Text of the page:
Tuesday, November 30, 2010


I hate broccoli.

Every day, I choke it down like medicine.  It's because of an article I read years ago.  There's a chemical called "sulforaphane" present in broccoli that helps to reduce your chances of breast cancer.

I made up my mind, after giving birth to our sons, that I'd do any thing not to get breast cancer.  Even eat broccoli.  I've tried every way imaginable to make it more palatable - steamed it, dipped it, and smothered it with cheese.  It's still broccoli.  Finally, I bought a juicer.  Now I drink my broccoli.  It's absolutely vile, but it goes down a lot faster than munching it like a work horse.

I had a little meltdown last weekend, and that's what got me thinking about broccoli.  It started out with the furnace, which is on its last legs.  The furnace man told us it's time to replace it, and with the government rebate for new high efficiency furnaces, we could install a new one for just under 6,000 dollars.  He seemed to think that would make us happy.  What universe do furnace men come from?

I was sucking on a lollipop brooding about the furnace when I broke a tooth - a big back molar.  That pretty much did it.  I know I wrote last week that I was thankful for all my blessings.  But screw it.  Thanksgiving was over, my chest was coming off in two weeks, and I was sitting in a cold house with a broken tooth.

That's when I had a meltdown.  Sneaking to the back of the house, I curled up in an ancient recliner and cried big, blubbery, nose-dripping tears.  When my husband discovered me some time later and begged to know what in the world had happened, I said to him very rationally, "I'm never eating broccoli again!"

The next morning, however, the world righted itself just like it always does. My adored aunt Patty sent me a consoling email, wonderful Louise at Dr. Janda's office made an appointment for me to get my tooth fixed Monday afternoon, and my crazy sister-in-law Mary called me from Montrose, Colorado, and made me laugh.  That girl's so funny she could host her own late night talk show.  Then Peg Ley, my high school typing teacher and one of my dearest friends, accompanied me to Deb's house to take over a pot of John's chicken noodle soup and Peg's own delectable brownies.  At 85, Peg is the most beautiful woman alive, and even though she just lost her husband, she always thinks of everybody else, including me.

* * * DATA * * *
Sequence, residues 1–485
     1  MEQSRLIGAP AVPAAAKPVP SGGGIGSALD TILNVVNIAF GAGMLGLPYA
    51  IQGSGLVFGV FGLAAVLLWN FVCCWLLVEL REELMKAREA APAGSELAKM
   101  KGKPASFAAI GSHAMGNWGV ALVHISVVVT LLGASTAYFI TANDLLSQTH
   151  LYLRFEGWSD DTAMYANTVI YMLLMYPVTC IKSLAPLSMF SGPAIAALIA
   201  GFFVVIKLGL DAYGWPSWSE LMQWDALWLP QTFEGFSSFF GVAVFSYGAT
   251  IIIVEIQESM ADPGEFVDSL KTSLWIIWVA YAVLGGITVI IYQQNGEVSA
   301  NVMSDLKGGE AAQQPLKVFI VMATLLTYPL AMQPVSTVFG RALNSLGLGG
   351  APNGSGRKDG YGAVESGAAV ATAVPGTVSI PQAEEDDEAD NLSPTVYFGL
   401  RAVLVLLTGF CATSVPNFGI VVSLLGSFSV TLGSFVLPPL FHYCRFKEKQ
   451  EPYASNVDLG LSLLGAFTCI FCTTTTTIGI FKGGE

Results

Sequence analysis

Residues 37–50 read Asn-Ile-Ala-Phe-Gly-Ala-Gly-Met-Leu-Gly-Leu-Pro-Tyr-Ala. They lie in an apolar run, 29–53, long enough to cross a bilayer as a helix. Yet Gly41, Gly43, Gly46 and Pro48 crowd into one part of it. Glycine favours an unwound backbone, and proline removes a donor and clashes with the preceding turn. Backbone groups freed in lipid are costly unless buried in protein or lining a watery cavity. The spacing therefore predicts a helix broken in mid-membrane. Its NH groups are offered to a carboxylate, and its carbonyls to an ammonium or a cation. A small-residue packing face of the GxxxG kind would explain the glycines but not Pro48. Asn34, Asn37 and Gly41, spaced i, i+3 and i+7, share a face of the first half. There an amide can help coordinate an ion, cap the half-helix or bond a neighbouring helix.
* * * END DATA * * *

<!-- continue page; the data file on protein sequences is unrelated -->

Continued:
Deb looks wonderful.  Not even a week out of her surgery, she's staying on top of her pain medication and managing very well.  Brian and the girls are pampering her big time, and she seems contented and relieved.

Finally, I received an email from one of my former students yesterday.  Drew Kime, a six-foot beauty, graduated a year and a half ago with our younger son Tommy.  "You know, Mrs. Howard, I'm only 20," she wrote, "but I'd get rid of my boobs in a second.  My long legs get me all the attention, and you've still got that going for you!" 

Okay, okay.  I'm back to being thankful.  My tooth is fixed, John says we can crutch along on the old furnace for a while, and I am very much blessed with friends and family, young and old.  Just the same, I moved the juicer back to the dark recesses of the counter top.  Maybe I'll drag it out someday to make a fruit slushy.

But I'm never eating broccoli again.